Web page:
Antboy's polished enough on the surface, though, that it makes me not want to beat up on it too badly. A resourceful and vibrant visual style allows Pelle's growth into the titular hero to feel grander in scope than it really ends up being, while the script shapes a gray-area, sympathetic antagonist out of The Flea instead of a mustache-twirling villain. Thing is, this craftsmanship ultimately drives a simplified comic-book storyline that lacks either dramatic depth or the high-stakes of blockbuster action, elements that typically justify the overlooking of hiccups in logic. Without them, the story's only left with its derivative nature while progressing towards its finale, predictably doing all the same things as its influences -- discovering the villain's motives, giving up on being a superhero, losing and gaining powers -- without the excitement or purpose to back it up. Instead of exploring other thematic ideas that could bolster Antboy's family-oriented intentions, director Ask Hasselbalch seems content in delivering little more than a short, stripped-down emulation of everything else that relishes great power without emphasizing great responsibility.

The DVD:

Video and Aduio:

Antboy really is a terrific-looking film from start to finish, and Cinedigm's brawny DVD elevates the diligent production design -- especially in the characters' costumes -- and subtly appealing shooting locations in its 1.85:1-framed, 16x9 transfer. Fall leaves, the soft blue of Wilhelm's walls, and the bright greens and vivid teal lights in The Flea's lair are full yet balanced against the rest of the image, while skin tones and black levels are entirely natural and respective of details. Lots of fine details can be spotted in the grooves of Antboy's helmet and The Flea's eyeg-gaurd, within brick and wood grains in interior shots, and the legs and shells of several different insects (a great shot of a millipede, in particular). There are some instances of digital shimmering, however, in the bars of Pelle's costume and in the branches of trees, which can becom distracting. Other than that, however, Antboy's colorful and stylish high-detail clarity look fantastic.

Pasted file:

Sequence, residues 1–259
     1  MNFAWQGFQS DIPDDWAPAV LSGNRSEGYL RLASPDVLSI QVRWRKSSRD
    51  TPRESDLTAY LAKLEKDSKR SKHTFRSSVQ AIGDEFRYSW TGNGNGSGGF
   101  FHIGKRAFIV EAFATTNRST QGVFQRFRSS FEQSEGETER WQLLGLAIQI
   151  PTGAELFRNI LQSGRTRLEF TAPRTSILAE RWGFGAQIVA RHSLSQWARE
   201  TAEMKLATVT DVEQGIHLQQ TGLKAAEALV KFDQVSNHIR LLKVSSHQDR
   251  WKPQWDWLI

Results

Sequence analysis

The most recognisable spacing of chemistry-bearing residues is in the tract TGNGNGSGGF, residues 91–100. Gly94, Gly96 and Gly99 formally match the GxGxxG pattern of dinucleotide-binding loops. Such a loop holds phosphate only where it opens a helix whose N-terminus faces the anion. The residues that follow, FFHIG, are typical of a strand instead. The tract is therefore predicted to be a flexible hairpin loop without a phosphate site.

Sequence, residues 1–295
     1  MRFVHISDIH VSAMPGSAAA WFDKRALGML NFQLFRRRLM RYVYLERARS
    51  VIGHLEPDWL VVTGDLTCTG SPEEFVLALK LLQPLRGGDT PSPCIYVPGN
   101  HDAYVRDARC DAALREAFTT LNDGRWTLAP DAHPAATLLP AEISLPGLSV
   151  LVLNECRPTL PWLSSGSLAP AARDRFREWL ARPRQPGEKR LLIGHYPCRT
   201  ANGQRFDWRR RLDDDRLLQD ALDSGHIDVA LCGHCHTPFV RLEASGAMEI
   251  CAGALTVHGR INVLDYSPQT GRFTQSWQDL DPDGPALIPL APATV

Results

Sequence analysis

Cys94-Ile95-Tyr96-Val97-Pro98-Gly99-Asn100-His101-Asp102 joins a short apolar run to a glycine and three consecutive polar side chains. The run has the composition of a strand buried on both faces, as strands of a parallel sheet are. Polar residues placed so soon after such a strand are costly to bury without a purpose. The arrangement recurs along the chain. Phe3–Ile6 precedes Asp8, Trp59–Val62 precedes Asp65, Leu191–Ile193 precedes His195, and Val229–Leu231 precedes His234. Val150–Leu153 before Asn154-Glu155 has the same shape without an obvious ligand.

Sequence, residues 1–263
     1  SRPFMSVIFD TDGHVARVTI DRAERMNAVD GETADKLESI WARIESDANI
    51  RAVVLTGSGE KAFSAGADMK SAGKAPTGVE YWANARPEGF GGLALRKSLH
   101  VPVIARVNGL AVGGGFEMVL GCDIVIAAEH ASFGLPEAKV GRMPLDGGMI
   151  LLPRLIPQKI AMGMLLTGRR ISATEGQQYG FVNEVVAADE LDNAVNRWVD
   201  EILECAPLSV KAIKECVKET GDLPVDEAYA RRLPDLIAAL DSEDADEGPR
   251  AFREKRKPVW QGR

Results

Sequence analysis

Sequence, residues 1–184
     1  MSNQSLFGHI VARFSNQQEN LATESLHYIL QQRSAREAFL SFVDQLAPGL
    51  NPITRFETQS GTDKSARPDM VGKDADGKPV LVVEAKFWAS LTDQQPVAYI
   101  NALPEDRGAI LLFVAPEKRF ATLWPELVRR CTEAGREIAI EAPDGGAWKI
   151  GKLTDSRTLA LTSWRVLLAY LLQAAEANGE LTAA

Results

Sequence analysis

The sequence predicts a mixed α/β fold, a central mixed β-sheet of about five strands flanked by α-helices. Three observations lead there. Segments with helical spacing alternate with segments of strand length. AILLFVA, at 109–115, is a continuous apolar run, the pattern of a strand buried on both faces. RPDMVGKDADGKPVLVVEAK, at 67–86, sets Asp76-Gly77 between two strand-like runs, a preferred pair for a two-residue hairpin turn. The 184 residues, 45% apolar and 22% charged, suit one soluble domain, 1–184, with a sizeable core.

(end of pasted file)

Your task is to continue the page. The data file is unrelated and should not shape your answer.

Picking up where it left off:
Unfortunately, Antboy suffers from some pretty lackluster dubbing over the Danish language track, presented in a 5.1 Dolby Digital treatment (and a 2-channel Stereo track) that's clear, serviceable, and altogether frustrating because of it. Atmospheric details around parking lots and in The Flea's greenhouse lair travel to the rear channels for a nice effect, while the villain's heavy stomping and the creaking of a knee brace deliver punchy clarity and bass moments. A few large "explosions" later in the film tests the aggressiveness of the track, too, which are given fine fidelity and convincing weight. Despite being perfectly discernible, the dialogue detracts from the experience, though, to a point where much of the performances ring more false than they probably should because of it. The digital quality is stable, though, which is the most important thing. No subtitles are available with the two English language tracks.

Special Features:

None, not even a trailer.

Final Thoughts:

Antboy might be worth checking out if the intensity of Marvel's comic-book films prove too much for certain younger audience members, as it follows the blueprint of an origin hero story to a fault without much in the way of darker themes or action. Despite appealing visuals and a decent villain, everyone else won't find too much to embrace in Pelle's incredibly familiar and surface-level adventure into superheroism. Rent It.

Thomas Spurlin, Staff Reviewer -- DVDTalk Reviews | Personal Blog/Site